My other mental images don't necessarily bring a smile to my face, but bring physical hurt. There were times he'd talk to my husband when he was discouraged or concerned about a member of his family. I love the fact that he loved and cared about his family so much, but it also makes me hurt because I know their biggest prayer warrior, emotional cheerleader, and supporter is now gone. He left some mighty big shoes for our church to fill.

And last, but certainly not least, would be his smile while he was talking about his boys. I remember one time in particular that one of his boys in their younger years (and no, I won't say which one of the 7), acquired a credit card from the house and figured out how to bid on e-bay using a parent's account. He was early elementary school at the time. His parents were quite startled to receive the e-mail that they had won the bid for the old coin, and he was quite excited when questioned about it. Steve was both horrified that a child that young had figured out how to make it all work, but also quite pleased that a child that young had figured out AND done his homework on the worth of the coin. (He was also very grateful the kid's top bid didn't go over $5.) They did change their passwords and discuss internet purchases and credit cards with him, but you could see the shock and pride in his eyes as he discussed it. And that mental image of his eyes haunts me. I so badly want the boys to see that again as they grow up, get married, graduate from high school, and live their lives. I know that God is sovereign and He will be faithful to provide for them, but that look of love and pride in the eyes is something that cannot be replaced.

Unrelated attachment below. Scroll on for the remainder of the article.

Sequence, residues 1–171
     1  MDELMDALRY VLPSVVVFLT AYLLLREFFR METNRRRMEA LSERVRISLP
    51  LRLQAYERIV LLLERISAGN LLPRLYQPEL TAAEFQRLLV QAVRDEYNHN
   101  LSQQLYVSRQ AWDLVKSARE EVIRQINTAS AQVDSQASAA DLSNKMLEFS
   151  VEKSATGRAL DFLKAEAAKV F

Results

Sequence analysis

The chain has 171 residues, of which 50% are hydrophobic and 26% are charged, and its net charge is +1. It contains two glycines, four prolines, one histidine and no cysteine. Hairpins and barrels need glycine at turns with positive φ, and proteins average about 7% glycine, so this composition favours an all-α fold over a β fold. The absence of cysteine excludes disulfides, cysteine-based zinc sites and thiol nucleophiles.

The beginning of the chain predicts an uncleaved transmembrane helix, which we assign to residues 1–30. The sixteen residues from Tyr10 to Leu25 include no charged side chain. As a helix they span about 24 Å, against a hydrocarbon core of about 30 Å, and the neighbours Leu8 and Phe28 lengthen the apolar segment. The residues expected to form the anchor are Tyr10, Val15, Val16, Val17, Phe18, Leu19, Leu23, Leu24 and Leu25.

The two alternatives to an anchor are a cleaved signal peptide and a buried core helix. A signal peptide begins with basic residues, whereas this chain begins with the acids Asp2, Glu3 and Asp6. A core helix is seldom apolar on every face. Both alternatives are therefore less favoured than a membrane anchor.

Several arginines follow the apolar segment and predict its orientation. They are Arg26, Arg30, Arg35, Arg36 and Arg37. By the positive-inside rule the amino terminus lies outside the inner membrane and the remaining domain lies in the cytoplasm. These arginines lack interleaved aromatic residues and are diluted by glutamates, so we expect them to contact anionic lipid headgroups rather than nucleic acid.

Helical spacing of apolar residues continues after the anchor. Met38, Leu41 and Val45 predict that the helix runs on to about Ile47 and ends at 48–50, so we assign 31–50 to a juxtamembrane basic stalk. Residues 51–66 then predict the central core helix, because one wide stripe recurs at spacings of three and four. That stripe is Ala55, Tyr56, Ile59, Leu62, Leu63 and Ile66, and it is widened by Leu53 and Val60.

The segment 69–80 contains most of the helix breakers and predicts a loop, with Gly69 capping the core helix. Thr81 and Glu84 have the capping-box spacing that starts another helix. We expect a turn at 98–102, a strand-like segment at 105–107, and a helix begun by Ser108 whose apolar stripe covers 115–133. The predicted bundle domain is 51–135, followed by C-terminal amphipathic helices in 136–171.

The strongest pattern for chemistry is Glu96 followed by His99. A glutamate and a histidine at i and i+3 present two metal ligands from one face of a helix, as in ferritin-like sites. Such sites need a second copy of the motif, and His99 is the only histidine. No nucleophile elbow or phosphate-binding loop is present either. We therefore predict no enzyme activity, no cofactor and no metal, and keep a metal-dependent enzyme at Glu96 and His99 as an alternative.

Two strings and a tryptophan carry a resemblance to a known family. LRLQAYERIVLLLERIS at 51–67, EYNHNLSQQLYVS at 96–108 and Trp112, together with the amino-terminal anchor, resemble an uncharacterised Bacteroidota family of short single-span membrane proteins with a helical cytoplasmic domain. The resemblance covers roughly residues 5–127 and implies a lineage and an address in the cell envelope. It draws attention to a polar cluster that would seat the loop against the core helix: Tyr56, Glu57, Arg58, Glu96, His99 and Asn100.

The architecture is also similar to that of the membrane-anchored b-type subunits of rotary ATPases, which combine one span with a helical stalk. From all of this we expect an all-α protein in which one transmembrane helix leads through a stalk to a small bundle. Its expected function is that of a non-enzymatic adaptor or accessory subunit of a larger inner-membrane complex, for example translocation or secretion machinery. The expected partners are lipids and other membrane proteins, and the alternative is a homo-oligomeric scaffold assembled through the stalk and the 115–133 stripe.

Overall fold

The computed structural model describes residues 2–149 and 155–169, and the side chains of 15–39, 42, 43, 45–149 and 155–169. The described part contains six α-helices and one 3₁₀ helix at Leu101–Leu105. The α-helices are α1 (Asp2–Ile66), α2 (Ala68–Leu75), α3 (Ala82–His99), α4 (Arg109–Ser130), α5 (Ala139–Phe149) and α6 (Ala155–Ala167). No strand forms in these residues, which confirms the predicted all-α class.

I know the days and weeks and months ahead will be challenging as they experience new normals, some of them harder to deal with than others. But I'm so thankful they have memories of jokes and laughter and fun times with their Dad to give them something to smile as they grieve. And I'm thankful our brains do recall images of events, and that the memories of our loved ones live on inside us.

Tuesday, September 1, 2015

September already?!?

I think this may be a first...a harvest of pears, apples and grapes...all in one year! I don't think this has ever happened before. Usually we lose at least one, if not two, of those harvests. But this year...we've got all three!